One of the joys of living in a small town like Saint-Germain-en-Laye is that the local shop and stall keepers know your reputation for being a cook and being interested in seasonal and good products. I discuss soups with the wife of the butcher or recipes for stuffed chicken breast with the cheese shop owner.
So when I went to the open air town market the other day, the poultry man interrupted serving a client and told me “I have a good offer on pigeons”. The woman he was serving believed he talked to her and uttered some words of incomprehension, but he did get me on the hook as I waited to see what the offer was – two pigeons for 15 euro instead of 19. Well, why not. I had been roasting pigeons and made the classical “pigeon with peas” several times but it is not yet the season for fresh peas. I wanted to use my electric grill and decided to make what is called pigeon à la crapaudine “pigeon as a toad”. – spatchcocked pigeon.
Continue reading ‘Pigeon as a toad’ – spatchcocked pigeon from the grill
There are some dishes you make with a certain idea in your head and some available ingredients. It can turn out nice or not. This ‘Spanish’ omelette turned out very nice but let me wonder about what I had planned to make in the first place. Continue reading A ‘Spanish’ omelette
I know this blog is about French cuisine, but I remain a Dutchman living in France so sometimes I serve something plain from my home country.
Pancakes is one of those dishes. France is well-known for its crêpes, thin pancakes of flour or buckwheat and eaten plain, with sugar or in more complicated combinations. The local crêperie here lists dozens of varieties, in the savoury and sweet versions.
Continue reading A Dutch treat – pancakes
A long time ago, I left my parents house to study at university in the big city of Amsterdam. My mother gave me a book of recipes as I had already showed signs that I would not be eating pizzas and French fries all the time but actually do some cooking.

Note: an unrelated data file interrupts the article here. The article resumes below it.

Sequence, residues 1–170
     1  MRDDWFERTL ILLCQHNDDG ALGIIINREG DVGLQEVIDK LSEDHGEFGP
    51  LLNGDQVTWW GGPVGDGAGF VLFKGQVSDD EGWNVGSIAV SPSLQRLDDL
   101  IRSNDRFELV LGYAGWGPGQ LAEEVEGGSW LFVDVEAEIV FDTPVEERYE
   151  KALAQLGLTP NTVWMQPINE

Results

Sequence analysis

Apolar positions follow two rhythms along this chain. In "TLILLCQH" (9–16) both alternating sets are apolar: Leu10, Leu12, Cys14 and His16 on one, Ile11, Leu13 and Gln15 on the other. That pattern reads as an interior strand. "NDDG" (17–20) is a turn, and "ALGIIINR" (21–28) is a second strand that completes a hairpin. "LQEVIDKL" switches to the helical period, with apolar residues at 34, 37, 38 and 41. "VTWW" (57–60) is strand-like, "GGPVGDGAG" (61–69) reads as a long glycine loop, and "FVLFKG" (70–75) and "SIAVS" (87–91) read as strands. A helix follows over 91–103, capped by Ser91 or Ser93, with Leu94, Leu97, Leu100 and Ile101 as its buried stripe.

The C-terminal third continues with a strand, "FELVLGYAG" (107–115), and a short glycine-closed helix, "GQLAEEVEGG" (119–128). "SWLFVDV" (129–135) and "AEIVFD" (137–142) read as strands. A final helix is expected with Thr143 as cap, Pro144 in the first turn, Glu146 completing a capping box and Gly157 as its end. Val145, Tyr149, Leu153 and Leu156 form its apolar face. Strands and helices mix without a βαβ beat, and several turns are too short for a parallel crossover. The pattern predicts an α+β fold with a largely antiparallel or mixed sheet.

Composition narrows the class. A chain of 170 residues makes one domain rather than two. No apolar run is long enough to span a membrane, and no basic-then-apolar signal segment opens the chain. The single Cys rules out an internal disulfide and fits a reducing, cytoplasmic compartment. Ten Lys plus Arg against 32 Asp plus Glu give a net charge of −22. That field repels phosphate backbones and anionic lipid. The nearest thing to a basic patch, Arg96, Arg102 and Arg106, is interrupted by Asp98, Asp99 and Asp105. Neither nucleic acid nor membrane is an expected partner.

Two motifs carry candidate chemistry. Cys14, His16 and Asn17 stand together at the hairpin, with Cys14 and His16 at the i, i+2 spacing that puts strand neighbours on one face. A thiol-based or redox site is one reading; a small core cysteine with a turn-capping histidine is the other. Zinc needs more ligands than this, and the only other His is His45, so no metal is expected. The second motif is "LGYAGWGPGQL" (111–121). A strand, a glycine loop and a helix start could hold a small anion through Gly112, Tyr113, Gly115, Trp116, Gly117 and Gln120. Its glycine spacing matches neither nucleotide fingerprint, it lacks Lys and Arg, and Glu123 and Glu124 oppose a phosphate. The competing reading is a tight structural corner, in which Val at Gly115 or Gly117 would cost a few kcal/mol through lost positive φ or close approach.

In my first student room – a rented room with a family in the Bijlmermeer high-rise area – I built a two-burner bottle-gas kitchen around the sink, using the hot plate of the coffee maker to slowly cook rice. That recipe book from 1981 is still in my collection and one of the dishes I made from it was called Turkish stuffed aubergines (eggplant), that used ground lamb or mutton meat. Continue reading A rice dish with eggplant, beef and raisins
Veal is a tasty and lean cut of meat. As I wrote before, the problem is to find a good supplier of meat from an animal that has not been mistreated.
Once that step is taken, and in France the meat is generally of good origin, you have a fine ingredient. You can eat it hot on the first day and serve cold slices later.
Here, I combined it with turnips, tomato, mushroom, garlic, potatoes and herbs.
- Veal blade, one kilo
- Small potatoes
- Several turnips
- Three tomatoes
- 250 grammes of mushrooms
- Four cloves of garlic
- Two shallots
- Two glasses of white wine
- Olive oil
- Salt, pepper
- Bouquet garni (mixed dried herbs)
- Fresh herbs such as oregano, marjoram, thyme, rosemary
- Pat dry the meat, salt lightly
- Heat olive oil in a casserole. Preheat an oven to 200 °C.
- Slice the shallots, break off some cloves of garlic from a head but keep the skin.
- Brown the meat on all sides in the hot oil. Add the shallots, garlic, mixed dried herbs and white wine, put on a lid and wait until the liquid starts to cook. Transfer the casserole to the oven and cook for 30 minutes, turning at least once.
- Meanwhile clean the tomatoes and cut in quarters, peel the turnips and cut up in parts, wash the potatoes and cut in two.
- After half an hour, add these prepared vegetables to the casserole and continue cooking for 15 minutes.
- Clean and slice the mushrooms, wash your choice of fresh herbs.
- After 15 minutes, remove the dried herbs and add the fresh herbs and mushrooms to the casserole and continue for another quarter of an hour.
- After that period, take the casserole from the oven, sprinkle some pepper over the meat and let it rest for at least 15 minutes. Take out the meat and put on a carving dish. Take out the vegetables and put in a side dish.
- You can add butter to the casserole and warm up the rests in the pan to a gravy, or add some more wine for a leaner sauce.
- Cut the meat and present on a plate surrounded by vegetables and with some sauce.